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Jan 28, 2015 8:08 AMPublication: The Southampton Press

North Sea Day Camp Proposal Review Moves Forward

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Jan 28, 2015 10:43 AM

Saying he hopes to put an end to longstanding legal battles with neighbors in North Sea, Jay Jacobs has submitted a draft scope for an environmental review that is part of a new application for a change of use for the property housing his day camp.

Mr. Jacobs is president and CEO of The TLC Family of Camps, which owns and operates the facility officially known as Southampton Racquet Club & Camp. Nestled on 17.4 acres in North Sea, the day camp sits on Little Fresh Pond, a body of water that is the nexus of the issue. Members of the Little Fresh Pond Association and Southampton Day Camp Realty LLC have butted heads for several years over the conversion of a former adult tennis facility into a children’s day camp, before regulatory boards and in court.

Mr. Jacobs’s new proposal calls for a change of use from “tennis club/camp” to a “tennis club and camp.” If approved, this minor linguistic rewording would permit all of the current activities being offered at the facility, sidestepping challenges in the courts by neighbors. “My client would like to enable people to not necessarily … just focus on tennis,” said Mr. Jacobs’s attorney, Wayne Bruyn, with O’Shea, Marcincuk & Bruyn in Southampton.

“The problem has been about the question of the definition of a tennis camp versus a day camp. That’s where the crux of the matter lies,” Mr. Jacobs said on Tuesday. He referred to a Southampton Town Zoning Board of Appeals decision a few years ago, in response to the neighbors’ charge that the property had been abandoned, which determined that it was, in fact, still in use. “But in writing in their opinion, they also referred to our property as a tennis camp and said if we wanted to do everything in our original proposal, we’d have to get a change of use,” he said, “The neighbors have hung onto the [term] ‘tennis camp,’ using it as a maneuvering to essentially put up legal roadblocks, he said.

Mr. Jacobs had originally taken his plan to the ZBA seeking variances to allow a number of additions to the site, including new playing fields for softball, basketball and tennis, and four swimming pools with 13 cabanas, as well as renovating an existing dining hall. He pulled that plan from review in 2011, and scaled it back to exercise his existing rights of use for the camp as a pre-existing, nonconforming facility in a residential neighborhood.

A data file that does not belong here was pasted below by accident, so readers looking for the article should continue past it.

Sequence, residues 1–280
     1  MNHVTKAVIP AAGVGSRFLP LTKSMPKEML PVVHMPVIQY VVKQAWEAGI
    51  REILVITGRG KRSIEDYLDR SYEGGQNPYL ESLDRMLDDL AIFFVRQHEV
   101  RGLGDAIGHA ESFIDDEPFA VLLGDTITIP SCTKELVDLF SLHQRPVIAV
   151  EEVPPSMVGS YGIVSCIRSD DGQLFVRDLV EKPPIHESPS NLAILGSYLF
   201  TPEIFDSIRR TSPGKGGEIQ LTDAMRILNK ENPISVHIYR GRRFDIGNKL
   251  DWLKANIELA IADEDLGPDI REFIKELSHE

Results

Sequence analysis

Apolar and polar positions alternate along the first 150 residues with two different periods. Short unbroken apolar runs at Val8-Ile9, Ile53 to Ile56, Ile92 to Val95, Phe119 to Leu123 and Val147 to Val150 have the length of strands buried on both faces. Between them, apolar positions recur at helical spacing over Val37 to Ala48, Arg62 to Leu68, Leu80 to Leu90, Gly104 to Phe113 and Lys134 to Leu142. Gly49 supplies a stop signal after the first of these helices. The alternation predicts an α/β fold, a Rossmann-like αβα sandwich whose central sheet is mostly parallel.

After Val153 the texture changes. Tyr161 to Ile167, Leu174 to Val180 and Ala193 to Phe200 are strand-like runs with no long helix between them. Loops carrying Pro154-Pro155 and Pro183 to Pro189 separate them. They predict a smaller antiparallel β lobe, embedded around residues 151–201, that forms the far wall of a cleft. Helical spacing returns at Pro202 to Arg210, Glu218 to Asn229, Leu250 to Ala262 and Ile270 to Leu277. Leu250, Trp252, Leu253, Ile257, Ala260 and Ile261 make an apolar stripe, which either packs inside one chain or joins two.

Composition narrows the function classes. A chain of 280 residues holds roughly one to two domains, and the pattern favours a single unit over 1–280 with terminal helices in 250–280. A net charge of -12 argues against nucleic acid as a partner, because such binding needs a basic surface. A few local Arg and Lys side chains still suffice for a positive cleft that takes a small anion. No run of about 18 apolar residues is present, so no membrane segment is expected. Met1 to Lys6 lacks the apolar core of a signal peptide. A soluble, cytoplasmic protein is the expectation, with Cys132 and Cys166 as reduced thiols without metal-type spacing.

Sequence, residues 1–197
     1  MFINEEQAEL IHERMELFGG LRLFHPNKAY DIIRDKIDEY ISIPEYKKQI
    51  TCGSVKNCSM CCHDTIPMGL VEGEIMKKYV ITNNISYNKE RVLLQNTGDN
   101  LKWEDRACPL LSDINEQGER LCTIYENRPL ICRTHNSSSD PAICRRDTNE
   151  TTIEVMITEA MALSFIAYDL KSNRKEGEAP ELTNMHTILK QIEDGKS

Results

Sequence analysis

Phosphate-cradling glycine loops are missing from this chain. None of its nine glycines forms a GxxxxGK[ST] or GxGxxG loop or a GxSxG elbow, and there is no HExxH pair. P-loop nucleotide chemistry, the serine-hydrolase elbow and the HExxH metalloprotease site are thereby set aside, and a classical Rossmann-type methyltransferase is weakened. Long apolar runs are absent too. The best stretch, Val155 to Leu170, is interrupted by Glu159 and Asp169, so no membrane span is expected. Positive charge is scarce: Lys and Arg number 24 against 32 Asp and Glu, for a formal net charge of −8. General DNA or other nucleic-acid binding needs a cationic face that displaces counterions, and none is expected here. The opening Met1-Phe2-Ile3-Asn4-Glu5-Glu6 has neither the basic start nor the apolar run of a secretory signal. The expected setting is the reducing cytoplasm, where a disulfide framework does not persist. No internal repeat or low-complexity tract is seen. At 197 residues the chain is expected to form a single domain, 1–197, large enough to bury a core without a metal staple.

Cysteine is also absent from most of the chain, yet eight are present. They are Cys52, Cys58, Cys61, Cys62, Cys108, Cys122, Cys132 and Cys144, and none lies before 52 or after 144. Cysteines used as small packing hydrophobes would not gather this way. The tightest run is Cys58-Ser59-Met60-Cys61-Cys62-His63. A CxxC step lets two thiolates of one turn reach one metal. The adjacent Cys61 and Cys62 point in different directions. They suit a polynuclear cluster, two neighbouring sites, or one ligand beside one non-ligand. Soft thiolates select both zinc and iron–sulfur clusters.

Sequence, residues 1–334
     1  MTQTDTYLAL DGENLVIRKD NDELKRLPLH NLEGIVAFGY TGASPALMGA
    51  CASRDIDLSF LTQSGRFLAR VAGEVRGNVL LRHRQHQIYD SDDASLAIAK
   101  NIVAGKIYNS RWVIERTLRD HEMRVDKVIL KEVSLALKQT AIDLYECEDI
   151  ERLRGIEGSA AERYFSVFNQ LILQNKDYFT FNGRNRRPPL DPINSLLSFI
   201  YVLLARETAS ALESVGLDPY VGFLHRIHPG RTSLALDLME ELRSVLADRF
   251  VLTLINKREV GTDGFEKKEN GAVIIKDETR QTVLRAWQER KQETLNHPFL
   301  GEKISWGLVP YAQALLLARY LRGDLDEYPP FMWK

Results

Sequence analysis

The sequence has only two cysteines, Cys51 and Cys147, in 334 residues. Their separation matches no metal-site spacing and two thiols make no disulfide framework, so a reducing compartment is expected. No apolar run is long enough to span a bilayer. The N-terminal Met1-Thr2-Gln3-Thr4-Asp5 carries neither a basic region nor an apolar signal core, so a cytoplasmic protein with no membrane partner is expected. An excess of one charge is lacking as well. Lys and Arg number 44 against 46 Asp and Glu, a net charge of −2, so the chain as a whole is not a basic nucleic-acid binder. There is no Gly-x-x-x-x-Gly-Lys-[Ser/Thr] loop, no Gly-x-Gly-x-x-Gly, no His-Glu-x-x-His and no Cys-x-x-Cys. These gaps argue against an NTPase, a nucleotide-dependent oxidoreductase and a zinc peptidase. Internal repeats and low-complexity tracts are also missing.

This new plan seeking renovations and upgrades was then submitted to the Planning Board. It calls for maintaining seven of the 10 tennis courts, adding two pools for a total of three, and keeping the sports courts. In addition, he proposes to remove a well house, a shed and two cottages, renovate the dining hall, and turn another cottage into a health center. The square footage of all the buildings will be the same as that which currently exists.

But neighbors say the footprint is not what concerns them—it’s the overall impact the camp has on Little Fresh Pond.

“Our concern has always been for the wellness of the lake and the quiet peacefulness of the neighborhood,” said John Barona, president of the Little Fresh Pond Association. “We test the lake every two weeks throughout the summer, and then send our results upstate” to the New York Citizens Statewide Lake Assessment Program, which analyzes the samples. In 2013, the program, overseen by the State Department of Environmental Conservation, declared the pond “threatened.”

“We’re not just trying to make a big stink over nothing,” Mr. Barona added.

Mr. Jacobs rebuts that argument by noting that he updated all of the camp’s septic systems.